Summer 2008 Linguistics Articles

Archives Home
Literary Magic: Current Issue
Articles on Words and Language
Short Stories and Plays
Book Reviews
Writer Spotlights
Literary Humor
Editor's Notes
Contest Winners


                           On the Suffix “Ism”

                                       By Rocky Reichman

      The English suffix -ism is prominent in our language. It is used to represent theories, states, ideas and processes. The process or state for activists is activism. In religion, some cultures use this suffix too. Buddhism, Judaism, Mormonism, (Sorry, no such word as Christianism.) Merriam-Webster provides multiple meanings for what the suffix -ism represents: a process; a state or condition; a doctrine or theory; a characteristic or peculiar feature or trait.

      -Ism comes from Middle English -isme, partly from Latin -ismus, from Greek -ismos; from verbs in -izein -ize (Merriam-Webster). “Ism” and “Ize” are from the same Greek root, -izein. But these parts of speech cannot be used for the same purposes. The difference? -Ize is a verb suffix, while -ism is a noun suffix.

      More “Isms” pop up every day. Most do not survive until maturity, but those that become popular enough become elegible for citizenship in the English lexicon. The book Today’s ISMS by Alan Ebenstein, William Ebenstein and Edwin Fogelman gives coverage of many Isms of modern day. But an Ism is not just a suffix. It does more than transform words, it symbolizes ideas. Idealogies, like Capitalism, Communism, or heroism. It is spreading too. Neologisms like Islamofascism, combining the word Islam with Fascism (which is already an “Ism”) and newly popularized phases like Terrorism are permeating our language.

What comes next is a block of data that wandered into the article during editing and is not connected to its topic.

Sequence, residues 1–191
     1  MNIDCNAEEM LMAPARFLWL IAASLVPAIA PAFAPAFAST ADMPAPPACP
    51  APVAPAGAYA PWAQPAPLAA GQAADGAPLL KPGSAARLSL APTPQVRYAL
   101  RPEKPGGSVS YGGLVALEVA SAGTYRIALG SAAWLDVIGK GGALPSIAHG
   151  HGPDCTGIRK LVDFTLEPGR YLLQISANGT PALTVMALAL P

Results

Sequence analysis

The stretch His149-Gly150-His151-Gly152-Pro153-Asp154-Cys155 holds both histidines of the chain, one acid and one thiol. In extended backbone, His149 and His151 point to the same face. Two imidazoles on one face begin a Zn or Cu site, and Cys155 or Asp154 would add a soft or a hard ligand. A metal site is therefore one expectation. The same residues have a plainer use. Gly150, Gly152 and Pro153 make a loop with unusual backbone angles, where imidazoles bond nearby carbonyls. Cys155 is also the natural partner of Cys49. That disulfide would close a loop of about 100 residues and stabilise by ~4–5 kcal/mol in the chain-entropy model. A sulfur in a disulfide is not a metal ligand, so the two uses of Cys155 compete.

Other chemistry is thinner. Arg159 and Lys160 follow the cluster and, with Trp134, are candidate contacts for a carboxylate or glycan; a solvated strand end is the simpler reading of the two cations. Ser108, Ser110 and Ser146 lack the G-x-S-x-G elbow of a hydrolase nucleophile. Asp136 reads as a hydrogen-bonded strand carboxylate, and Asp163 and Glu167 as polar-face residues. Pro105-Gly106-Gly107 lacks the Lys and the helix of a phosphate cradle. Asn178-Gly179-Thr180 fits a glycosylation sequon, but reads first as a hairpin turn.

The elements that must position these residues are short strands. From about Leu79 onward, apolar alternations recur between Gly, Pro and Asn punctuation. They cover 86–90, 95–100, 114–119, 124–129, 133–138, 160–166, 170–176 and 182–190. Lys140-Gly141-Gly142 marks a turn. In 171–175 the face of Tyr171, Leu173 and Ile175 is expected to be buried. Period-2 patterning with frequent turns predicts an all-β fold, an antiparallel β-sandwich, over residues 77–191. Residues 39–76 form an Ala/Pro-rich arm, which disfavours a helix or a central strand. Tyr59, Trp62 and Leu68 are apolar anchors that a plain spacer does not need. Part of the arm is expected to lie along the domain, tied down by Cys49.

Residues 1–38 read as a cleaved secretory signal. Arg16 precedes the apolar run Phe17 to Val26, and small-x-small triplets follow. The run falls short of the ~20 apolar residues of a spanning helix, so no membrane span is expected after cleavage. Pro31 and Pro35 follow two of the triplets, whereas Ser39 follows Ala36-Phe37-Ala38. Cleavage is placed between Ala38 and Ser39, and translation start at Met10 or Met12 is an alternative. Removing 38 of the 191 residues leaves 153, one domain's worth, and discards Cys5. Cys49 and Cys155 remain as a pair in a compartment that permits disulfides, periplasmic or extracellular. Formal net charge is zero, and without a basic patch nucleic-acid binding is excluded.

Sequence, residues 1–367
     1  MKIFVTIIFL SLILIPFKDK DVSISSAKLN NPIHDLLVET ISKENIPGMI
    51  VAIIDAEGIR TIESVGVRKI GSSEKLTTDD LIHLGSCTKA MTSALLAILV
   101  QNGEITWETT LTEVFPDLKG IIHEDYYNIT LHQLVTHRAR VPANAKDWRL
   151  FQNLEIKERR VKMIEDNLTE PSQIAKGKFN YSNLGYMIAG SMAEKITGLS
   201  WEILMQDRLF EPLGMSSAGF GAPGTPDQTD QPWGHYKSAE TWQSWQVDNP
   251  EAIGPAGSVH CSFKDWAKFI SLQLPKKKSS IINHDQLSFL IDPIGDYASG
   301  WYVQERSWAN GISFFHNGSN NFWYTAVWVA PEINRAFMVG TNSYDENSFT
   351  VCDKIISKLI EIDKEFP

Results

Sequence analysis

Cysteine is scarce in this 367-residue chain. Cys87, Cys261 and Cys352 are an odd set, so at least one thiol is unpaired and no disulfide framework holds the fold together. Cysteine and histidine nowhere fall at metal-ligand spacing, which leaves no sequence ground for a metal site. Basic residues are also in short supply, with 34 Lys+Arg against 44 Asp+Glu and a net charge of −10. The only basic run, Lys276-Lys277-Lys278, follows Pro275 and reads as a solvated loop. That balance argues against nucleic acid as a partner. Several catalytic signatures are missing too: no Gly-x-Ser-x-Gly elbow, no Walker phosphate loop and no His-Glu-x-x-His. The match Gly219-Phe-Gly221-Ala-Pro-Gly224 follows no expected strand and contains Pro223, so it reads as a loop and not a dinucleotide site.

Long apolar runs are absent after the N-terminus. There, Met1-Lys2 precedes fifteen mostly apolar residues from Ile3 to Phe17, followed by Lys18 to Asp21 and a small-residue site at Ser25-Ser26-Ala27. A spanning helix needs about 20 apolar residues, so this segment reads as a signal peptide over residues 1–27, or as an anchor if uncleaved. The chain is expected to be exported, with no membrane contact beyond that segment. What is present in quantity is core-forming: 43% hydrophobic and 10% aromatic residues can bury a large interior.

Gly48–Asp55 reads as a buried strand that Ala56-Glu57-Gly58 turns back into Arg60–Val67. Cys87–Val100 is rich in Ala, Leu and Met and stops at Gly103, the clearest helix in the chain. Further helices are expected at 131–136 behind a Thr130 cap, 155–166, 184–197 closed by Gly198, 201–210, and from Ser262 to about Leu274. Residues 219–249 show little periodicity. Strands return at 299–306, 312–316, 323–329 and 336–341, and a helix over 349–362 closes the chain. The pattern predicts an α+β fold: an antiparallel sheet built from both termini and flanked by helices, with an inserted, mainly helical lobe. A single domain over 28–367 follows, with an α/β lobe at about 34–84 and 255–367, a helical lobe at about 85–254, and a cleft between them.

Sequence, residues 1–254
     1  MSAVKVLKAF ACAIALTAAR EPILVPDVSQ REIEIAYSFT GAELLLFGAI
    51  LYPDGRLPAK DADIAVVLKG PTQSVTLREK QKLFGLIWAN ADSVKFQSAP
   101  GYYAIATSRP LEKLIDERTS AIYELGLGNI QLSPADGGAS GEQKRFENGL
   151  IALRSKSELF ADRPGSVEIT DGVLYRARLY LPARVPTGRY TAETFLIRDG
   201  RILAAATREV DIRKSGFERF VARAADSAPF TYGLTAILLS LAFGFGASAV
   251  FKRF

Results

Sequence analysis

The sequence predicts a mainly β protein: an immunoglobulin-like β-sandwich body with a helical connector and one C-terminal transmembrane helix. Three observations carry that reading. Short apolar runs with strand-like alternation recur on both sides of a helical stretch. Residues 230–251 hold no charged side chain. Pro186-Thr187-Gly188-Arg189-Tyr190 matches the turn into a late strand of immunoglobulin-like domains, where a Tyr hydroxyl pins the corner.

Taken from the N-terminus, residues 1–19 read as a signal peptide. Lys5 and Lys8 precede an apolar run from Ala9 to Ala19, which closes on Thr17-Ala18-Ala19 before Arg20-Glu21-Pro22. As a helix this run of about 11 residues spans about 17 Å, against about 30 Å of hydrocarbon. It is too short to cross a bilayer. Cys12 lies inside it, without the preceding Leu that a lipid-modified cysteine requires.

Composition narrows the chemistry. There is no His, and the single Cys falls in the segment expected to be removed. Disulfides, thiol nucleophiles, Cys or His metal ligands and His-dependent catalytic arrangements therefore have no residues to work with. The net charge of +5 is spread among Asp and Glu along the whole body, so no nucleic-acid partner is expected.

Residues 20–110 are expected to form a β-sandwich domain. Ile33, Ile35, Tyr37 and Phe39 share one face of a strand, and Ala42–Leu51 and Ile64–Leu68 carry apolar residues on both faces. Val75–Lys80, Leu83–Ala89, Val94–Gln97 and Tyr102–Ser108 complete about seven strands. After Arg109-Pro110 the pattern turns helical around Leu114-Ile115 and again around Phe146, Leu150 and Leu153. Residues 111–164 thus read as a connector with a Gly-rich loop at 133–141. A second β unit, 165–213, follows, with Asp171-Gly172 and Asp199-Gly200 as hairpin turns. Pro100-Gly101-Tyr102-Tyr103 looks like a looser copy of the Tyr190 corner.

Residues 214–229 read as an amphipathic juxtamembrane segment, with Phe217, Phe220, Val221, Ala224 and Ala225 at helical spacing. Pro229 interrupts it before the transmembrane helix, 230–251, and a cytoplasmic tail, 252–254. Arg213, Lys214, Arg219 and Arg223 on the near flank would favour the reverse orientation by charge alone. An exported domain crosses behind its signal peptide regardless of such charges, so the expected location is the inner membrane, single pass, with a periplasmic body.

So far, “the study of words and language” has many names. Philology. Etymology. Linguistics. Grammar and Usage. Call it whatever suits your lexicon. As for me, I still think it is worth waiting for etymologists to get their own “Ism.” If I ever needed an “Ism” for positive thinking, now would be the time. Oh wait, there is one. It’s called….


Click here to read other Linguistics Articles.

Copyright 2005--2009 Literary Magic,